Our findings comport with the empirical finding of Chan and Chow (1997), who show that high tax rate differences are not crucial for inducing noncompliant transfer prices. Their work demonstrates that the tax auditor is aware of an multinational’s profit shifting incentives. Thus, accounting for the strategic interaction with the tax auditor, the multinational is less tax aggressive with an increasing tax rate difference. Furthermore, our result is consistent with the finding of Hoopes et al. (2012) that a stricter tax enforcement is associated with less tax aggressiveness.

Penalty factors

For each equilibrium determined in Section 4, Proposition 3 shows how the internal transfer price and the noncompliance or implementation probability react to changes in the penalty factors for detected noncompliance under OSB and TSB.

Proposition 3

Assume a sufficiently large reservation price a. An increase in the penalty factor for detected noncompliance under OSB (TSB), δOSB (δTSB) has the following effects.

  1. 1.

    Neither δOSB nor δTSB affects the internal transfer prices in equilibria I and II or the internal transfer price of the high-cost multinational in equilibrium III. In equilibrium III, the internal transfer price of the low-cost multinational under TSB increases (decreases) in δOSB (δTSB).

  2. 2.

    An increasing δOSB (δTSB) does not affect (decreases) the probability that the low-cost multinational chooses a noncompliant tax transfer price λTSB,I in equilibrium I.

  3. 3.

    An increasing δOSB (δTSB) increases (does not affect) the probability of using TSB τII in equilibrium II, where the low-cost multinational uses a compliant tax transfer price.

  4. 4.

    The probability of using TSB τIII in equilibrium III, where the low-cost multinational uses a noncompliant tax transfer price, decreases in δOSB for \(K_{a} \in (K_{a1},{K_{a}^{c}})\)Footnote 15 and increases in δOSB for \(K_{a} \in ({K_{a}^{c}}, K_{a2}(\eta _{III}))\). The probability τIII decreases in δTSB.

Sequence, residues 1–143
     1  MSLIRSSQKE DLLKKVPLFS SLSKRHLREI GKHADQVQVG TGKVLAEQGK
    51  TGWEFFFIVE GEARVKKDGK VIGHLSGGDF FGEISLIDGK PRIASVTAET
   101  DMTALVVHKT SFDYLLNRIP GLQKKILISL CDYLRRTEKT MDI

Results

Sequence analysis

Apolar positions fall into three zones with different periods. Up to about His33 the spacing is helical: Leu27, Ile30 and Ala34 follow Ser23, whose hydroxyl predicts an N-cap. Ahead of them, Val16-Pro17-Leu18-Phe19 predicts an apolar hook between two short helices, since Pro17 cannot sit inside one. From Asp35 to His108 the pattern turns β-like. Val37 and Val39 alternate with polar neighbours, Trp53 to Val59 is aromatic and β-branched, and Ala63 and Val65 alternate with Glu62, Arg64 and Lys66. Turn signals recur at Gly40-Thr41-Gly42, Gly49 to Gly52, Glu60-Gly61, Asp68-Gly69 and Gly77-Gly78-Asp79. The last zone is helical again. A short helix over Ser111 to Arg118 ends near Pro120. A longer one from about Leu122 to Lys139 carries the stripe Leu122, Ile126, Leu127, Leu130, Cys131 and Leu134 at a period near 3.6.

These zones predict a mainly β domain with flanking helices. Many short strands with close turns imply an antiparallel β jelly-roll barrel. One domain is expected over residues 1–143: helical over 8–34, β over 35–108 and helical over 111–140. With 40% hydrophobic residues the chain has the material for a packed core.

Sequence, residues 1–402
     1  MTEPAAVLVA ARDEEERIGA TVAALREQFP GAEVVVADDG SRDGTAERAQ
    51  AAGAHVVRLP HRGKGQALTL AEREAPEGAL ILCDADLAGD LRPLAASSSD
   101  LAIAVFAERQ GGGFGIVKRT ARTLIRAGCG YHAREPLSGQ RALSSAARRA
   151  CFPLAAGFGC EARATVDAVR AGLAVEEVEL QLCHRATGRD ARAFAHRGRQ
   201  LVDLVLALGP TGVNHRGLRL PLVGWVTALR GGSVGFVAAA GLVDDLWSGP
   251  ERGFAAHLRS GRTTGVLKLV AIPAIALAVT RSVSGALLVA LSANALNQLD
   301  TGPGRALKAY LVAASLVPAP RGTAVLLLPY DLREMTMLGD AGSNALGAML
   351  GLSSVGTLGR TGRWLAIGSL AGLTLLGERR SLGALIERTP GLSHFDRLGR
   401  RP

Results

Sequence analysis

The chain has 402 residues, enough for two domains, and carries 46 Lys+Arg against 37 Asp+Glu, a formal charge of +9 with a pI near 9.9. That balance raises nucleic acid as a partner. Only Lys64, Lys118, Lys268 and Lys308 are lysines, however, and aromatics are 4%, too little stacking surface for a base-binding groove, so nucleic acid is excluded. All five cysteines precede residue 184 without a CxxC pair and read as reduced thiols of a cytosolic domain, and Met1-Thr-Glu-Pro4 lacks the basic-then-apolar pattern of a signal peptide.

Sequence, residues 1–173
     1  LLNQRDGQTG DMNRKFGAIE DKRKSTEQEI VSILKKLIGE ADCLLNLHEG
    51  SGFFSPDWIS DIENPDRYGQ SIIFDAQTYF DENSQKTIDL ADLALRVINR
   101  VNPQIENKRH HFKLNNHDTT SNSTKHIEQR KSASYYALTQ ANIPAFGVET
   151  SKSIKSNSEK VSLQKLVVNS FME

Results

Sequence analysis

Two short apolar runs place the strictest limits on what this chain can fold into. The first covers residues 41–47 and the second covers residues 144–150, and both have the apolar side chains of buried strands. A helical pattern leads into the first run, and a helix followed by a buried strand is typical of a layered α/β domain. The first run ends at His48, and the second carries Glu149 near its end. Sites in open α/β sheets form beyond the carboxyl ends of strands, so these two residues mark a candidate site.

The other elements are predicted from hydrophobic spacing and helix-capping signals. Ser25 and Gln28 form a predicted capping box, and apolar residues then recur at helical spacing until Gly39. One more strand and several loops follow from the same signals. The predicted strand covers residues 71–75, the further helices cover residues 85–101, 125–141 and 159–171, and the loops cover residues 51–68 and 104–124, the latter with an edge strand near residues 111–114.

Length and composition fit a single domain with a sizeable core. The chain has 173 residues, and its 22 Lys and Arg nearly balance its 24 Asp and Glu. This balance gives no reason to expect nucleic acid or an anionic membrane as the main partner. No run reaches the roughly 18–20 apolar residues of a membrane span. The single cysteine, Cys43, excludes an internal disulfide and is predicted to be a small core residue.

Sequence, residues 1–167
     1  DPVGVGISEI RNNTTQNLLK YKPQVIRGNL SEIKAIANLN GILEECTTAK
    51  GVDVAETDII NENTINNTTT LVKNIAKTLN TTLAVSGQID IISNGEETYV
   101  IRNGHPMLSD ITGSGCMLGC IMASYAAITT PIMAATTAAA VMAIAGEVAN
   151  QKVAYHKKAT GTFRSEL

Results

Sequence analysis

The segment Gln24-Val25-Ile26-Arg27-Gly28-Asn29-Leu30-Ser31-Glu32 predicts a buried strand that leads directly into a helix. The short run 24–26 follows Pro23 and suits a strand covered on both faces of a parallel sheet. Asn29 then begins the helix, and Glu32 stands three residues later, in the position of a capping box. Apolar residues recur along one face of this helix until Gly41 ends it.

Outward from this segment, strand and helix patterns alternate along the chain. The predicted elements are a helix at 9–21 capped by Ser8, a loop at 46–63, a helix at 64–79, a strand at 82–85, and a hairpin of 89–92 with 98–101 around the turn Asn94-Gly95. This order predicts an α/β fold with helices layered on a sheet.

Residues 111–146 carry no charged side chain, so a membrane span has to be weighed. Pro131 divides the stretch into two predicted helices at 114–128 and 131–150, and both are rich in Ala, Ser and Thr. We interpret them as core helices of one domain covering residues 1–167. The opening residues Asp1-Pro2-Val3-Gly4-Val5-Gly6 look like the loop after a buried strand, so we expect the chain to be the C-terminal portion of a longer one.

Proof

See Appendix. □

We start with the intuition for Proposition 3, part 1. Because penalty factors are irrelevant when the multinational reports compliantly, penalty factors do not affect the internal transfer price with TSB and compliance in equilibria I, II, or III. When the low-cost multinational keeps TSB with noncompliance in equilibrium I, the audit probability is such that the expected penalty equals the tax savings that the low-cost multinational obtains through noncompliance. Consequently, for the low-cost multinational, the internal transfer prices with TSB and compliance or noncompliance are equal in equilibrium I and neither δOSB nor δTSB affects the internal transfer price with TSB and noncompliance.

When the low-cost multinational keeps TSB with noncompliance in equilibrium III, the penalty factors influence the internal transfer price via the audit adjustment. First, we consider the effect of δOSB. The penalty factor δOSB affects the audit adjustment only via the audit probability ηIII. We show that ηIII increases in δOSB, and thus the internal transfer price increases in δOSB. The intuition is as follows. TSB with noncompliance becomes more attractive to the low-cost multinational when δOSB increases. The tax auditor counters with a higher audit probability because TSB with noncompliance implies a higher penalty than for OSB with noncompliance.

Second, we consider the effect of δTSB. The penalty factor δTSB affects the audit adjustment both directly and via the audit probability ηIII. The direct effect increases the audit adjustment and, in turn, the internal transfer price. Because ηIII decreases in δTSB, the effect via the audit probability works in the opposite direction. The intuition is as follows. An increase in δTSB makes TSB with noncompliance less attractive for the low-cost multinational and induces the tax auditor to audit less frequently. Our results show that the decrease in the audit probability overcompensates for the direct effect; thus, in equilibrium III, the internal transfer price of the low-cost multinational decreases with δTSB.